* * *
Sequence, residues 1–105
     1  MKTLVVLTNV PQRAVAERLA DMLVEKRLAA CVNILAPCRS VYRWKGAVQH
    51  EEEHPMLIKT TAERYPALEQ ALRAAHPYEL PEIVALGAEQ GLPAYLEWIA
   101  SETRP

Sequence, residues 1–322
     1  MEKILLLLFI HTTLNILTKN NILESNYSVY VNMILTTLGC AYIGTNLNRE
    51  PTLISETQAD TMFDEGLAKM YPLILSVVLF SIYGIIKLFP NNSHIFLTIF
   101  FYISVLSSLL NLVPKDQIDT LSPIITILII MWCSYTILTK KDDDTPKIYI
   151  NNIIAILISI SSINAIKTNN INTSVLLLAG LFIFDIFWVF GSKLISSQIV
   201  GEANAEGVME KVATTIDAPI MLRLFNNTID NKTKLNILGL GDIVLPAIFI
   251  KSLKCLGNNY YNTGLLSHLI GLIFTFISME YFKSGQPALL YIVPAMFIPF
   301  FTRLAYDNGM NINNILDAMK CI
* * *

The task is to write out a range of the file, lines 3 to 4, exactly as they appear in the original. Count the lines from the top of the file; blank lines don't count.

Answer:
    51  EEEHPMLIKT TAERYPALEQ ALRAAHPYEL PEIVALGAEQ GLPAYLEWIA
   101  SETRP